Commission Rules That in Applying the 2% Cap On Base Salary Increases for Police Officers and Firefighters, an Interest Arbitrator Cannot Pass Along to the Employees Any Savings the Employer Receives From Retirements or Any Other Legislation That May Reduce the Employer’s Costs

By Ira W. Mintz, Esq.

Borough of New Milford and PBA Local 83

In P.E.R.C. No. 2012-53, the Commission amended its interest arbitration review standard to include a requirement that the Commission determine whether the arbitrator established that the award not increase base salary by more than 2% per contract year or 6% in the aggregate for a three-year contract award.

By way of background, an amendment to the interest arbitration law governing police and fire negotiations that went into effect on January 1, 2011 provides that an arbitrator cannot render an award which, on an annual basis, increases base salary items by more than 2% of the aggregate amount expended by the public employer on base salary items for the members of the affected employee organization in the twelve months immediately preceding the expiration of the collective negotiation agreement subject to arbitration; however, the parties may agree, or the arbitrator may decide, to distribute the aggregate monetary value of the award over the term of the collective negotiation agreement in unequal annual percentages.  Base salary is defined by the statute as the salary provided pursuant to a salary guide or table and any amount provided pursuant to a salary increment, including any amount provided for longevity or length of service, and any other item agreed to by the parties, or any other item that was included in the base salary as understood by the parties in the prior contract.  Base salary does not include non-salary economic issues, pension and health and medical insurance costs.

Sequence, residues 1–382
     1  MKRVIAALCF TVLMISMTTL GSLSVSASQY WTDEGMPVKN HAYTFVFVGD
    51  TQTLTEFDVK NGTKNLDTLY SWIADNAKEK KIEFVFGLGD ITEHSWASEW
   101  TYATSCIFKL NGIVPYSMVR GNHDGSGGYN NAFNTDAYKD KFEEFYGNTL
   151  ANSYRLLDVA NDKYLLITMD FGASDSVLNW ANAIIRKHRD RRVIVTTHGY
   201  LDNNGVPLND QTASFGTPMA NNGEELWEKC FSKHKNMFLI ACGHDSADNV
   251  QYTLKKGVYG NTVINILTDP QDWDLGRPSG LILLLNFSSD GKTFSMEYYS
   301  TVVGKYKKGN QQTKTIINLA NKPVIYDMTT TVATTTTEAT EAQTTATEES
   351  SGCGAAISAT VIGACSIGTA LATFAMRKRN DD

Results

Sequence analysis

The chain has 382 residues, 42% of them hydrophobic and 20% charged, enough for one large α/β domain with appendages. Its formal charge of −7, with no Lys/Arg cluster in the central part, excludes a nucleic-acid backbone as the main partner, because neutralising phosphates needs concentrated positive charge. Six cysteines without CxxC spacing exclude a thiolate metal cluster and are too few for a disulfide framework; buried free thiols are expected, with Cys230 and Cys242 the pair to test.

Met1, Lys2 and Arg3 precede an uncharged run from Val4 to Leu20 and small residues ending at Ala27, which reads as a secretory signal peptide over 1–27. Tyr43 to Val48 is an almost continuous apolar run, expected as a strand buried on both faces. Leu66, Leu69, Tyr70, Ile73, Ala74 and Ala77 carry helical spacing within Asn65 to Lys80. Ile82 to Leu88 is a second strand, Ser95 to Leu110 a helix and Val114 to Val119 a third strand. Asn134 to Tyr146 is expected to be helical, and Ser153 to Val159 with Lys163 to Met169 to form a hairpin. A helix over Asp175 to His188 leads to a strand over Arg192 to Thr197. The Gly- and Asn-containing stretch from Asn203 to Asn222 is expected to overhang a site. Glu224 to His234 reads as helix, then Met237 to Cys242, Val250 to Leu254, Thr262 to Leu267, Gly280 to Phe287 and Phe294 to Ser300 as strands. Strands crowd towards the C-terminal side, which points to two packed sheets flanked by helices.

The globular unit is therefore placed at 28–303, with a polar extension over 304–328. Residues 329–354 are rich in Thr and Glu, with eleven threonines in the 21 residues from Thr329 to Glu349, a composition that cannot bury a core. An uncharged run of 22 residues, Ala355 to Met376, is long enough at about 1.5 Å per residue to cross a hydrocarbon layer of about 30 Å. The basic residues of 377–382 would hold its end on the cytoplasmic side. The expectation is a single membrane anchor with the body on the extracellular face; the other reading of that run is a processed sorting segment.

The arbitrator in New Milford awarded a three-year contract effective January 1, 2012 through December 31, 2014 with a 1% salary increase effective July 1, 2012, 2% effective January 1, 2013, and 2.5% effective January 1, 2014.  The Commission remanded the case to the arbitrator to explain which figures were taken into his accounting of base salary and the costs of each year of the award.  What is significant about the Commission’s decision is that it ruled that in making these cap calculations, an arbitrator cannot pass along to the employees any savings the employer receives from retirements or any other legislation that may reduce the aggregate amount expended by the employer during the life of the new agreement.


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